A recipe born of necessity in the Roman Jewish ghetto has since become an edible symbol of the eternal city. No dish better conveys the fact that an artichoke is not actually a vegetable, but rather a thistle.
The giant globe artichokes which proliferate in Lazio become a thing of golden beauty, first flattened so the leaves splay outwards, and then fried until crisp and a dark amber color, they appear on the plate like a flower, preserved for posterity.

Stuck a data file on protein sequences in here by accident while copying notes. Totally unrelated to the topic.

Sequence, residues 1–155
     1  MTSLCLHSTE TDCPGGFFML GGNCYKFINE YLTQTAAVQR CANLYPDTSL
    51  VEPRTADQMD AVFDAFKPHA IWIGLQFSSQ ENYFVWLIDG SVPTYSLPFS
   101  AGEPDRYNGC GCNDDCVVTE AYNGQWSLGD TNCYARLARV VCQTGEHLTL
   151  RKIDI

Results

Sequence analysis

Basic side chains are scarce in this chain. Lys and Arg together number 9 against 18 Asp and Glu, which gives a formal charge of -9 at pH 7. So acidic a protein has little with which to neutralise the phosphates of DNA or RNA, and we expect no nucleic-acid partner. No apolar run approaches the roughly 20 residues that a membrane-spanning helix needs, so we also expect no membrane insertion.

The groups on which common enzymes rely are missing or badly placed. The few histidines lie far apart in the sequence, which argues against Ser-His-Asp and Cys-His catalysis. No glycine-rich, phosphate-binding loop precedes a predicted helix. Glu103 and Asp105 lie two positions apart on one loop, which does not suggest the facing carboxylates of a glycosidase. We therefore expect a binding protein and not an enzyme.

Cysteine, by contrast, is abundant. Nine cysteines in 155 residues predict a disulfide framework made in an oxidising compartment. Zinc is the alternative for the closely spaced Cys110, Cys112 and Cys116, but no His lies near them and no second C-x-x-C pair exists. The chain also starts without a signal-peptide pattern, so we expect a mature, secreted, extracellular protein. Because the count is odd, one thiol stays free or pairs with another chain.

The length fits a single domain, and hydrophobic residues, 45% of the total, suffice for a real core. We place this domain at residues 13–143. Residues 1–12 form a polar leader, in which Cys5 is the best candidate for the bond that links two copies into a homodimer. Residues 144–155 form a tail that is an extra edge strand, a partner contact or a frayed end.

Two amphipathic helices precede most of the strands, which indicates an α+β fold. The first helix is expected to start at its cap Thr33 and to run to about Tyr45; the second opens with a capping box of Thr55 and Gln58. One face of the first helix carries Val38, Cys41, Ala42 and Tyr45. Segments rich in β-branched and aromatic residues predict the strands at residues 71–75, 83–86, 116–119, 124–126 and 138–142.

But they taste so good, they won’t last. The leaves are crispy, like an extra thin potato chip, while the inside is soft – as all fried food should be. It is the essence of artichoke, and while artichoke proliferate in other Italian regions, for whatever reason, this beauty has stayed close to home. It is rarely seen outside of Rome.